I love this question. It is that wonderful feeling when the words just flow and I can’t type fast enough. The idea pours through me, I don’t know where it comes from, but it ignites me and it sets my fingertips alight. Or when the scene is done, and everything feels just right, the way I’ve seen it in my mind. Then the feeling of accomplishment you get when finishing that first draft, and then when you hold your book in your hand. After 18 published books, it still feels surreal to me.
- Does the addition of imagery help to tell your story?
Telling stories is certainly written in human DNA. Storytellers do that by using language, but also our facial expressions, the tone of our voices, and our hands, to underline scenes within the tale. A novelist will strive to create imagery using words alone. A poet too. A photographer can use images focused only on details to tell a bigger story. In a way the reverse of what a writer does. So yes, imagery is part of the building blocks that make a story.
- What is your favorite reading genre?
Historical fiction and crime and medical thrillers are my favorite reading genres, what I reach for when I want to wind down and escape reality. I like to learn through my reading too, and historical fiction introduces me to various locations and eras. Due to my medical background, I can relate to medical thrillers and there’s nothing like a fast-paced novel by Tess Gerritsen or Kathy Reichs to turn me into a happy reader.
- What human being has inspired you the most?
My mother. A woman of outstanding achievements, tremendous perseverance, and utmost kindness. My Mom is my heroine, through all of her sacrifices – those I know of and those I don’t know, yet I wish I would so that they will not be forgotten.
- What message would you have for the Spillwords Press community that voted for you?
Thank you all so much. I would not be here without you believing in me.
Everything we do, whether small or great, has a cause and effect. Our actions, our words, or our stories have an effect on those around us, in one way or another. Therefore, we must hold ourselves responsible for the message we share, and the quality of the thoughts that stood at the foundation of that written piece. As a parent, I try to lead by example. As a writer, leading by example means not only producing work of a higher quality than the previous one but also using social media (that greatly expands our capabilities of reaching our readers) and being mindful of the content we release into the world.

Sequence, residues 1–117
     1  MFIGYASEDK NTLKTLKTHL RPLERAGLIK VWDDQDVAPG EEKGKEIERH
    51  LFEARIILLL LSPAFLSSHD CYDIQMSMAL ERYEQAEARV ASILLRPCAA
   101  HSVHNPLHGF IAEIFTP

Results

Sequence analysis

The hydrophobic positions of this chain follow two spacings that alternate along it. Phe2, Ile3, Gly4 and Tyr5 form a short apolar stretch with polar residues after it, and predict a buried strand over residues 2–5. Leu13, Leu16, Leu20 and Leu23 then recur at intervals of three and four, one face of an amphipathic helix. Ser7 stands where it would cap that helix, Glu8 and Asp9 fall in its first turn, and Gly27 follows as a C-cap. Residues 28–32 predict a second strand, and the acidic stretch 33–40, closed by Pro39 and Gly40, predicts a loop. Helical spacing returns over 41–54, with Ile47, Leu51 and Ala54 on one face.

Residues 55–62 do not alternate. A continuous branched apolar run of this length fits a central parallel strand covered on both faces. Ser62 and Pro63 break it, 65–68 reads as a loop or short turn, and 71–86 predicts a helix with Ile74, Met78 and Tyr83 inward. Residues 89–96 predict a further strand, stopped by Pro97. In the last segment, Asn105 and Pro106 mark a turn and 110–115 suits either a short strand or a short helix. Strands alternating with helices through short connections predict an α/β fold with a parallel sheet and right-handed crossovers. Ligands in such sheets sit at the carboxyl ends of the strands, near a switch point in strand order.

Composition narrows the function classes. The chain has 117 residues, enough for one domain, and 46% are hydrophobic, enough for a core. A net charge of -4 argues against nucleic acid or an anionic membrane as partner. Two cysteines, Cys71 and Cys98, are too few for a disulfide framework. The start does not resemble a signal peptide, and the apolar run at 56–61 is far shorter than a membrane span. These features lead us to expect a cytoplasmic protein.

- What would you like your legacy as a writer to be?
I would like my stories to be remembered through their main characters and the stories they told, be it, civilians, soldiers or military working dogs caught in war zones (“Joyful Trouble” or “Silent Heroes”), or unknown souls who lived a long time ago, but dealt with the same heart-break, and daydreaming as we do today (“Dreamland” and “Transylvania’s History A to Z”).
Stories can help us go through life’s most difficult moments, but stories also teach, and they can elate us too.
- Is there anything else you would like to add?
An appealing poem or a glossy book cover is only the tip of the iceberg.
The writing process that they rest on is tremendous and often harrowing. It involves a human being metaphorically chained to a desk, typing on a computer keyboard until his fingertips develop callouses. The process of creating a poem or completing a novel always takes its toll on the writer – on his eyes, knees, and back; they all pay the price. He, the writer, went through highs and lows, climbed Everest on his own, and often only in slippers, then plunged through valleys of self-doubt and despair. Yet he never gave up, but forged on, and on, and on, following only the burning passion he carried in his heart, and the feeling that his story is worth telling, and he is the only one to do so.
He did it all, endured it all for you, for the reader he never met, and perhaps he’ll never meet.